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At Deadline - Wealth Managers to Focus on Top Affluent, PwC Finds

Banks are positioned to corner the mass-affluent market, as separately managed account firms and other wealth managers choose to ignore investors with less than $500,000 of assets in order to pursue the ultra-wealthy, according to PricewaterhouseCoopers (PwC).

The firm's 2003 Global Private Banking/Wealth Management Survey says that 49% of wealth managers expect to increase their ultra-high-net-worth clientele, defined as those with $10 million or more to invest, in the next three years, but only 14% plan to grow their base of merely affluent clients.

John K. Fletcher, the leader of PwC's North American management services unit, said that since ultra-wealthy people make up only 2% of a wealth manager's client base, competition for these customers will be stiff. He said the bias toward the wealthiest would leave a large number of mass-affluent customers (those with $100,000 to $500,000 of assets) ripe for banks to cherry-pick.

Besides retail banks, Fletcher said, only insurance companies and mutual fund providers have the necessary scale to go after the mass affluent. However, "insurance companies are handicapped by the agency structure, and mutual fund companies don't have the personal relationships in order to cross-sell to their affluent customers," he said. "Retail banks are really in a unique position."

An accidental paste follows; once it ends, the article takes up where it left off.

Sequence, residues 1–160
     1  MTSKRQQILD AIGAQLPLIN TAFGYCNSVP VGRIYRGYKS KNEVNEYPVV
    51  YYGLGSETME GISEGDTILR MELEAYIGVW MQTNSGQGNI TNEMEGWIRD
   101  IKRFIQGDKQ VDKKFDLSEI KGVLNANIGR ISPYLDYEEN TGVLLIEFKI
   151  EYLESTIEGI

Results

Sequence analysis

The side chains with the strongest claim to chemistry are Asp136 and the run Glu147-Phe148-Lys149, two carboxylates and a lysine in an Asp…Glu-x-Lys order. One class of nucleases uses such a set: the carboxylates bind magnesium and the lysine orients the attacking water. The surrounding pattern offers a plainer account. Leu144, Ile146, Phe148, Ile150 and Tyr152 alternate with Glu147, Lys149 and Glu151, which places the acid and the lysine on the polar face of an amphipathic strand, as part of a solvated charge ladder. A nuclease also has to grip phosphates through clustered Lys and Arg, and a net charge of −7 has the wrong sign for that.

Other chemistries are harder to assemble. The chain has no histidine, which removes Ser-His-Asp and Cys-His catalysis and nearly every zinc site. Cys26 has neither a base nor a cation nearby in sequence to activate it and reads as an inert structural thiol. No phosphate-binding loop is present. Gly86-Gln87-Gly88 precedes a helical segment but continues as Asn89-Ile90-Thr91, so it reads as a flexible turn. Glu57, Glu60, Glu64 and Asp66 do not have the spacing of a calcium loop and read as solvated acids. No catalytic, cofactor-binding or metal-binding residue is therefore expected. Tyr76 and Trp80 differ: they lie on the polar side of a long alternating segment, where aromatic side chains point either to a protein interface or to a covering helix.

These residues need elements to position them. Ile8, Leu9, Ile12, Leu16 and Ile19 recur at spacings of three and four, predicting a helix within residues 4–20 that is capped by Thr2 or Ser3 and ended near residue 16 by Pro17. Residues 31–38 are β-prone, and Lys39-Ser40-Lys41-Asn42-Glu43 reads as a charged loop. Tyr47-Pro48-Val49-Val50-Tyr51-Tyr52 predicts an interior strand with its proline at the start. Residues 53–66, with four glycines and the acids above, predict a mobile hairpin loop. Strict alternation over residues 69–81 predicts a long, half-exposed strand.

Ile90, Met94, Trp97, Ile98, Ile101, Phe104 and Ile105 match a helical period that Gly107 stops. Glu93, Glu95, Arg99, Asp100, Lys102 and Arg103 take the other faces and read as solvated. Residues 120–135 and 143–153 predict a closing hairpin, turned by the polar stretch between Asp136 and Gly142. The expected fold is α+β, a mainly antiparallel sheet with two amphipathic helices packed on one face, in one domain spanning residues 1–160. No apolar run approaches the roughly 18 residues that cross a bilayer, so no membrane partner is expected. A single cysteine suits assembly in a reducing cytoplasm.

Fletcher said it is difficult for wealth managers to create the proper business model to make money on the mass affluent. "The mass affluent, whether you are talking $100,000 or even $1 million, is a hard market to manage," he said. "These individuals are looking to accumulate wealth, their expectations for service are high, and they don't want service that is driven by technology. Typically, there is a lot of frustration among these consumers. They want more, and they don't expect to pay for it."

Fletcher said companies that handle ultra-wealthy clients typically have a hard time moving down market. "These firms use more of an expensive model for their wealthy customers," he said. "They need to create a different model, they need scale, and they need technology. That is the only way to work downstream. What doesn't work is a high-touch relationship model. It is just too expensive."

Banks with strong retail arms rather than strong private banking divisions can succeed with the mass affluent, Fletcher said. "Big banks can play in a lot of areas," he said. "They have the scale, they have the systems, and they have multiple cultures that allow them to be successful in many different areas at the same time."

Some banks are developing back-office capabilities and fee-based products in order to increase cross selling among their mass-affluent customers.

Harris Bankcorp bought CSFBdirect and Morgan Stanley Online in 2001 to create HarrisDirect, a unit intended to help the Chicago subsidiary of Bank of Montreal build wallet share among customers who use the online channel. Harris wants to offer its self-directed investment customers who have more than $100,000 of investable assets fee-based products such as separately managed accounts, as well as discretionary investment management and private banking services, such as estate planning and trust services.

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